Alex traveled to WISER in 2009, when buildings were still under construction and there were no students yet on WISER’s campus. After the early death of his aunt, Alex took time off from working as an engineer to turn his grief into something positive for others. He joined us in Muhuru Bay to help design and implement the first clean water system in the area in partnership with UNICEF WASH and the Muhuru Bay Water Board. To this day, this clean water system is the only source of clean water for 5,000 community members.
The combination of health, education, and community empowerment initiatives at WISER hooked Alex, and he’s been a strong supporter ever since. Each year, Alex and his wife Molly support a scholarship in honor of his aunt to a WISER girl with a talent for science and engineering, supporting her through four transformative years of education and leadership development. The Sally McCarthy Kuisel scholarship has supported two girls with tremendous engineering talent and interest in pursuing careers in STEM – Diana, whose success you can read about in her own words here, and Winnie, whose engineering talents are highlighted here.
We sat down with Alex to hear more about why our mission is important to him and how he continues to honor his aunt through WISER.
W: How did you first get involved with WISER?
AM: My friend, Kelly Teagarden Klein put me in touch with WISER when I was living in New York. In the 2008 financial crisis my company cut pay by 10%. When my boss called me into his office to break the news I pitched the idea of additional savings by letting me take the summer off without pay. I wrote a plan demonstrating why this experience would be beneficial to me, to the world, and how it would benefit the company — and the company went for it. My aunt, who I had been very close to, had recently died young of breast cancer. Not having children, she left her retirement savings to her three nieces and two nephews. So it’s really because of her that I was able to take the summer off. Being able to spend time at WISER in the service of others was a good way for me to take Sally’s tragically unused retirement resources and make a positive impact. I think she is proud to be associated with WISER.
W: We’re grateful you chose to honor her memory through supporting WISER. What does WISER’s mission mean to you?
AM: The gender component of WISER’s mission is most important to me. I come from an engineering background — and engineering education, even at a liberal arts-focused place like UVA, has limited scope to focus on social issues. But through my church and my mother and my sister, gender equality has always been important and demonstrated visibly in my life. Being in Muhuru, you see the limits of gender opportunity and understand how the benefits of gender equality would be enormous. I see educating women as WISER’s core mission, and education as the key to opportunity and economic growth.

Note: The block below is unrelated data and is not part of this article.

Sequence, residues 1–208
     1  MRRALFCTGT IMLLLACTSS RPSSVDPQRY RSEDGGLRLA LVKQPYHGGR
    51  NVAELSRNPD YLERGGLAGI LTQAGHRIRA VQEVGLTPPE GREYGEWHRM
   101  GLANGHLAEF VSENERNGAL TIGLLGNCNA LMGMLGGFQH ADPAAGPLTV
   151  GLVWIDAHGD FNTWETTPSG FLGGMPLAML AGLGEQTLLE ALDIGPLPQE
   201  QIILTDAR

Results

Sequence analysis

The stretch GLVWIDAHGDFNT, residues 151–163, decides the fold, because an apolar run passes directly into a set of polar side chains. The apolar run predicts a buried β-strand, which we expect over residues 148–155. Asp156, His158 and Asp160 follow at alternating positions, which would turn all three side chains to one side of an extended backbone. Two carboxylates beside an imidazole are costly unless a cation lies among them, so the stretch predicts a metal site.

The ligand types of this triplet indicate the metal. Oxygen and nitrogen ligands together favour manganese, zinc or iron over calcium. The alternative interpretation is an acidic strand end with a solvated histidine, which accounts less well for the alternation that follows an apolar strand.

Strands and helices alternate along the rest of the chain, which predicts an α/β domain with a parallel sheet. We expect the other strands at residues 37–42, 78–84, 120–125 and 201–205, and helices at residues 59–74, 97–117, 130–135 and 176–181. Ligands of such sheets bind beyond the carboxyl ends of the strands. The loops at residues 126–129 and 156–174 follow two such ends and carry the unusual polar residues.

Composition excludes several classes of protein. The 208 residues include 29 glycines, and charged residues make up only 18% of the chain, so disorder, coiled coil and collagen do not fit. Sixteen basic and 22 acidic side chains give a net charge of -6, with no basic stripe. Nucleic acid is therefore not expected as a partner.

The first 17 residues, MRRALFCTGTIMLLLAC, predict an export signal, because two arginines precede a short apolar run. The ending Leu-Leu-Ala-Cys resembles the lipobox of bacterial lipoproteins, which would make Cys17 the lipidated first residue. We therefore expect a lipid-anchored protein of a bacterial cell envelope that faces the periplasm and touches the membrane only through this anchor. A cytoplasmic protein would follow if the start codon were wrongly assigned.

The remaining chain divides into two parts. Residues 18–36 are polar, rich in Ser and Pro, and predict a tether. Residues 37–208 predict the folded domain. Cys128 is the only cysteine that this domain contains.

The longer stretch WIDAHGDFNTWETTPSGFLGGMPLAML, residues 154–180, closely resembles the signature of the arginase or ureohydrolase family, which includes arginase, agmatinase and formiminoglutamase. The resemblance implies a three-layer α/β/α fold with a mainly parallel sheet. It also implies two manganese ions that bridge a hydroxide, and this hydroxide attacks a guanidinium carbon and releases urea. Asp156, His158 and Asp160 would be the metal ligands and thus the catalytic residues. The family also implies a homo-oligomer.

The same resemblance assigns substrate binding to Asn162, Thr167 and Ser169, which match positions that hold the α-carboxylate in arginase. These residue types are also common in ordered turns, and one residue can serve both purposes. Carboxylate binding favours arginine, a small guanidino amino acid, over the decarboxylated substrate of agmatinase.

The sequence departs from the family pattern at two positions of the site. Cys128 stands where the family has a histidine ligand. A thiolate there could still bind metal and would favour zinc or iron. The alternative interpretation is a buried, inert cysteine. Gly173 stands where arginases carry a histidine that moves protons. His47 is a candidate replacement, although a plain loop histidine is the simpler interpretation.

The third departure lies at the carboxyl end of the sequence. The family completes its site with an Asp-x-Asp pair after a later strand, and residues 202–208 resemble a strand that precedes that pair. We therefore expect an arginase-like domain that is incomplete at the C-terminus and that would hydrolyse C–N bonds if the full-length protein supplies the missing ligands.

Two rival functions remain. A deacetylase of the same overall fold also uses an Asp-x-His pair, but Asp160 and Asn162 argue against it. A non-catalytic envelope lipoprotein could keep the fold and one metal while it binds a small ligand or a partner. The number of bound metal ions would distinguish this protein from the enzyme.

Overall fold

W: And why does WISER matter to you?
AM: WISER matters to me because of the mission of educating women and because of the quality of the oversight from the individuals involved. You can drive around Kenya and Tanzania and you see projects that were well intentioned but that didn’t have enough local understanding or support to be self-sustaining. I was involved in selecting and designing WISER’s water system and it was great to know that WISER would be the local steward of that investment. Students would use it to learn about hygiene, filtration, and engineering, and through local water sales kiosks, it would collect revenue and be sustainable. It’s nice to be able to totally trust the staff of an organization completely and know that there are people who will do the right thing on the ground.
W: We’re so glad to hear that. What do you wish other people knew about WISER?
AM: When I talk about WISER, I start with the mission of educating young women. My second focus is efficiency. I talk about how responsible and what good stewards the WISER community is and how any contributions are utilized effectively and locally and without a lot of overhead. The people that I’m usually talking to, friends and peers, are interested in contributing to charities that are effective at minimizing waste and I think WISER does a great job of that. There’s no giant WISER office. It’s close to the ground. I know my donations to WISER are going to be used well and the opportunity that these young women have because of it will make their lives better and their lives will impact future generations in Kenya. The most important link in moving a society forward is educating women.
W: Thanks for saying that, and for everything you do to make opportunities possible at WISER.
AM: No, thank you! WISER is a great place with people who are doing good things. I’ve realized as I’ve gotten older that a it is easy to try to do good things but evaluating outcomes and opportunity cost are equally important. WISER is made up of smart people who understand the social and cultural context and who are doing really great work that is both well intentioned and impactful. That’s really important to me.